As explained in recitals 25 and 26 of its preamble, Directive 2003/109/EC (“the directive”), concerning the status of third-country nationals who are long-term residents, does not apply to the UK, Ireland and Denmark.
Nevertheless, since this is a significant case on the status of foreigners in other participating member states, it is more than worthwhile to examine the judgment.
The exclusion in article 3(2)(e) stated that the directive does not apply to third-country nationals who reside solely on temporary grounds such as au pair or seasonal worker, or as workers posted by a service provider for the purposes of cross-border provision of services, or as cross-border providers of services or in cases where their residence permit has been formally limited. In this case, the Court of Justice of the European Union (CJEU, Third Chamber) held that that concept did not apply to a fixed-term residence permit granted to a specific group of people which could be renewed indefinitely and where the formal limitation did not prevent the long term residence (which was for the referring court to decide) of the third-country national in the member state concerned.
The Raad van State (Netherlands, the referring court) asked whether (i) the concept of a residence permit which has been formally limited included a fixed period permit which under domestic law did not offer any prospect of a residence permit of indefinite duration especially given that the fixed period permit can in principle be extended indefinitely and (ii) a particular group of persons such as spiritual leaders and religious teachers were excluded from the scope of the directive. (This was referred as one question. I have just broken it down for simplicity.)
Mr Mangat Singh (“S”) came to the Netherlands in 2001 and was subsequently granted an “ordinary fixed-period” residence permit which was valid for his activities as a spiritual leader or religious teacher. S’s residence permit was extended, from time to time, but the terms of the permit were narrowed for work as a spiritual leader only.
While S’s permit remained valid until early 2008, in 2007 he nevertheless applied for a “long-term resident’s EC permit.” Under article 8 of the directive this means a residence permit, which must be valid for at least 5 years and is automatically renewable, issued by the member state concerned upon the acquisition of long-term resident status.
But the State Secretary van Justitie (who extended S’s fixed-period permit for a year) rejected the application on the basis of national law under which someone such as S could be in possession of a residence permit which could be extended indefinitely but was still technically considered temporary.
Whilst not at issue in the instant proceedings, in 2010 subsequent domestic law took the position that the residence of spiritual leaders and religious teachers was considered to be of a non-temporary nature per se and periods of residence under these heads would count towards the acquisition of an ordinary residence permit of indefinite duration endorsed as long-term EC resident:  –  of the judgment.
To put it in simple terms, article 3.5 of the decree on foreign nationals (Vreemdelingenbesluit, Stb. 2000, No 497) read with section B1/2.4 of the guidelines on the implementation of the law on foreign nationals (Vreemdelingencirculaire, which enabled the minister to set out detailed rules to exercise his powers) meant that “only” article 3.5 was determinative of whether or not a residence permit was temporary or non-temporary. Because S’s residence permit was caught by the operation of article 3.5(2)(d) of the Vreemdelingenbesluit – that the right of residence shall be temporary if the residence permit is granted with a restriction relating to the exercise of work as a spiritual leader or religious teacher – his residence permit was considered to be of a temporary nature.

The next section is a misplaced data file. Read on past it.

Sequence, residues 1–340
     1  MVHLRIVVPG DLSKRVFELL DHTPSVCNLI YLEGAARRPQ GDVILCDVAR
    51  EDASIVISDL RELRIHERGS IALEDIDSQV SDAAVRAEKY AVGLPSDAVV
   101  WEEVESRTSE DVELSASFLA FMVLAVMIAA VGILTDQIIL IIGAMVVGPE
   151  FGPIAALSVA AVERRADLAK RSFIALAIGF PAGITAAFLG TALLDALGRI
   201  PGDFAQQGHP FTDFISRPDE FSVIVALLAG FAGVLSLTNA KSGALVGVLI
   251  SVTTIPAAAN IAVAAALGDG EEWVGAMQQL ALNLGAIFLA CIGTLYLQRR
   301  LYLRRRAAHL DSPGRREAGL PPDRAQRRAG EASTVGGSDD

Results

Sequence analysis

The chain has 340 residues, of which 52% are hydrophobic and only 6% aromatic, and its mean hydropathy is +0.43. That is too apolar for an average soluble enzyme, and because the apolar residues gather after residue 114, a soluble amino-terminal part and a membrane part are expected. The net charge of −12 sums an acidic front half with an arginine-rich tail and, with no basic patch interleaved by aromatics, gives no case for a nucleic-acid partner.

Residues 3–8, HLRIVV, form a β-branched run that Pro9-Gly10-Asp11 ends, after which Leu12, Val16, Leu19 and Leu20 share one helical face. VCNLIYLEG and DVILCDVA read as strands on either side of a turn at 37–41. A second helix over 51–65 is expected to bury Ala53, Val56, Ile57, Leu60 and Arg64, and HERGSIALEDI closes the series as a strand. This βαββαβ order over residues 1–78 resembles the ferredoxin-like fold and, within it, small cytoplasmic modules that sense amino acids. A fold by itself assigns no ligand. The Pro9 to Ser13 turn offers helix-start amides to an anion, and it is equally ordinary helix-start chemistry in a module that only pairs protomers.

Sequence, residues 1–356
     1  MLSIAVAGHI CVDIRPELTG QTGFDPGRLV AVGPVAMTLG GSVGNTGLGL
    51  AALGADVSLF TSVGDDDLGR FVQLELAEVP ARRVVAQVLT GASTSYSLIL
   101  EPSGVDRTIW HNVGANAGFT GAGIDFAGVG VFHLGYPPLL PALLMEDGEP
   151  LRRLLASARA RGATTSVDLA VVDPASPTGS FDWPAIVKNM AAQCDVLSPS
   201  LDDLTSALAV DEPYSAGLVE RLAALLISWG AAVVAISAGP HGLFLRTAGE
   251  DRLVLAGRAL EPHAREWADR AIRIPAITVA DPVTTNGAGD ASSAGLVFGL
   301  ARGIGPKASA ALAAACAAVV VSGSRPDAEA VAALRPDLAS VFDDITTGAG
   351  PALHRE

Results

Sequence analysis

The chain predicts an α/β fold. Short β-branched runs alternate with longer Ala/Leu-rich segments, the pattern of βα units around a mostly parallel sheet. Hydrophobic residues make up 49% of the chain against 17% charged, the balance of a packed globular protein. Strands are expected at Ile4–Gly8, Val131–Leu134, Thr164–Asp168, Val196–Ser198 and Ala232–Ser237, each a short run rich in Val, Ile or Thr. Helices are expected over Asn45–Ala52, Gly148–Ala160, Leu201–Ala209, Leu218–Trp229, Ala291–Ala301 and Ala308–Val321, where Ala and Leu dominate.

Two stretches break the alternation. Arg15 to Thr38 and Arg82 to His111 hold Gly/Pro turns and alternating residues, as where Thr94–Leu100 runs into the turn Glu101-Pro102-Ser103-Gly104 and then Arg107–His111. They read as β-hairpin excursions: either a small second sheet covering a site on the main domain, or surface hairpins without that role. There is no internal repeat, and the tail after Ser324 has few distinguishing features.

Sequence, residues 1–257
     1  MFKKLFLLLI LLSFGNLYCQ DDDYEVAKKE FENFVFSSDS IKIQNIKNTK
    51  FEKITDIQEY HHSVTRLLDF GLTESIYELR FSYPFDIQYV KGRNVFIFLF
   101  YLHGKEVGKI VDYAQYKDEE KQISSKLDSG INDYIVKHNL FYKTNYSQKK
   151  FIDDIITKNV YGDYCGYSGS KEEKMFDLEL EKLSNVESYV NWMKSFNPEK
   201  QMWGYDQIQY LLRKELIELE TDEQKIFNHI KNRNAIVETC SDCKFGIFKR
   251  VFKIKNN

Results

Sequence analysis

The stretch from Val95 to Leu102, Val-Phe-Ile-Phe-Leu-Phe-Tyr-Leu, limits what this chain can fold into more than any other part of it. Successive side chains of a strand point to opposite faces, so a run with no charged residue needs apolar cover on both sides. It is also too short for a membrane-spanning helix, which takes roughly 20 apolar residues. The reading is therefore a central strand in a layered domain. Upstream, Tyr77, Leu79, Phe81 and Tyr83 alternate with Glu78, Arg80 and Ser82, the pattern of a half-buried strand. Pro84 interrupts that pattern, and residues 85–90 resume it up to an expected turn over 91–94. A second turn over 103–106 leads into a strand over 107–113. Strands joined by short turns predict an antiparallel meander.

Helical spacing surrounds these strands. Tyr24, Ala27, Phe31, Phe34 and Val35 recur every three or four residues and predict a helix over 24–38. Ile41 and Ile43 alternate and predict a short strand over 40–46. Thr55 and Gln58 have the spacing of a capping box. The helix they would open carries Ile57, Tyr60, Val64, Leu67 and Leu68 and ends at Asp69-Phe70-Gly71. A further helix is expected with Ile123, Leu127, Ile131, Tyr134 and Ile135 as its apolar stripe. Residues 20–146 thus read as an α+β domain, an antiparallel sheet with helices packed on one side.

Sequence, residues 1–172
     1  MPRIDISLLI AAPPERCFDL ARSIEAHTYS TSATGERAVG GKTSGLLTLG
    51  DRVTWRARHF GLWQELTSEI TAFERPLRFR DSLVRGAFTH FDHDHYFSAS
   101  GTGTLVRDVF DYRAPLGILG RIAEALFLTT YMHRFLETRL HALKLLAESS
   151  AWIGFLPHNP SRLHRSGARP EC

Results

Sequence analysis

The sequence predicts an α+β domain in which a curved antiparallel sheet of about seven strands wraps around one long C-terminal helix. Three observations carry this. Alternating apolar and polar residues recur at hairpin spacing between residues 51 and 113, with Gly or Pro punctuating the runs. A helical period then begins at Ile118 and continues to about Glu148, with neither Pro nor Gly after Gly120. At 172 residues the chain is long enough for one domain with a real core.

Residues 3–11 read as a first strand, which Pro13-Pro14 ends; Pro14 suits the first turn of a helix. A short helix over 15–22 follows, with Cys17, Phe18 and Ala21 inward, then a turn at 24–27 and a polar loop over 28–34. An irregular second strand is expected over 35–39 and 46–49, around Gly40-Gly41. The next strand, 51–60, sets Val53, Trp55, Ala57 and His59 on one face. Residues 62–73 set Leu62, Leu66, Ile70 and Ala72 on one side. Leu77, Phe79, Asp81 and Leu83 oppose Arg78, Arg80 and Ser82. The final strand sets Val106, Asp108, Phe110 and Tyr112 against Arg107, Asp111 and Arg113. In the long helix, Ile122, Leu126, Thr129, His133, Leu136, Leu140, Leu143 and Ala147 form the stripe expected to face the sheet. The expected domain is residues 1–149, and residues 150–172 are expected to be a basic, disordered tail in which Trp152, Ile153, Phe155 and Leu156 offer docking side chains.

S did not accept the State Secretary’s decision. His objections were rejected by the State Secretary but the Rechtbank ‘s-Gravenhage overturned the decision and ordered a fresh decision to be made in light of its judgment because it found that article 3(2)(e) of the directive covers only situations in which the residence is of a temporary nature per se. So allowing members states to exclude the situation of a foreign national in possession of a residence permit that can be extended indefinitely – such as S – would undermine the efficacy of the directive.
Aggrieved, the State Secretary took the matter to the Raad van State which stayed the main proceedings. It interpreted the expression “formally limited” in article 3(2)(e) of the directive to mean that a margin of discretion was conferred on member states to impose formal restrictions on a fixed-period residence permit. The matter was referred to the CJEU. Given that the objective of the directive is to harmonise the conditions for individuals, such as S, to become long-term EC residents, the grant of a margin of discretion would vitiate the efficacy/objective of the directive because the meaning of the concept of a “formally limited residence permit” were muddled.
The Court of Justice of the European Union
The CJEU agreed that the terms of article 3(2)(a) were “not unambiguous” and its exact scope was unclear . Logically, au pairs, seasonal or posted workers and cross-border providers of services resided in the member state concerned solely on temporary grounds but that is not necessarily the case in respect of a national whose residence permit is formally limited .
A formal limitation attached to a residence permit could not be attributed solely to the temporary nature of that permit and therefore article 3(2)(e) should be understood as covering (i) third-country nationals who reside solely on temporary grounds and (ii) third-country national whose residence permits have been formally limited  – .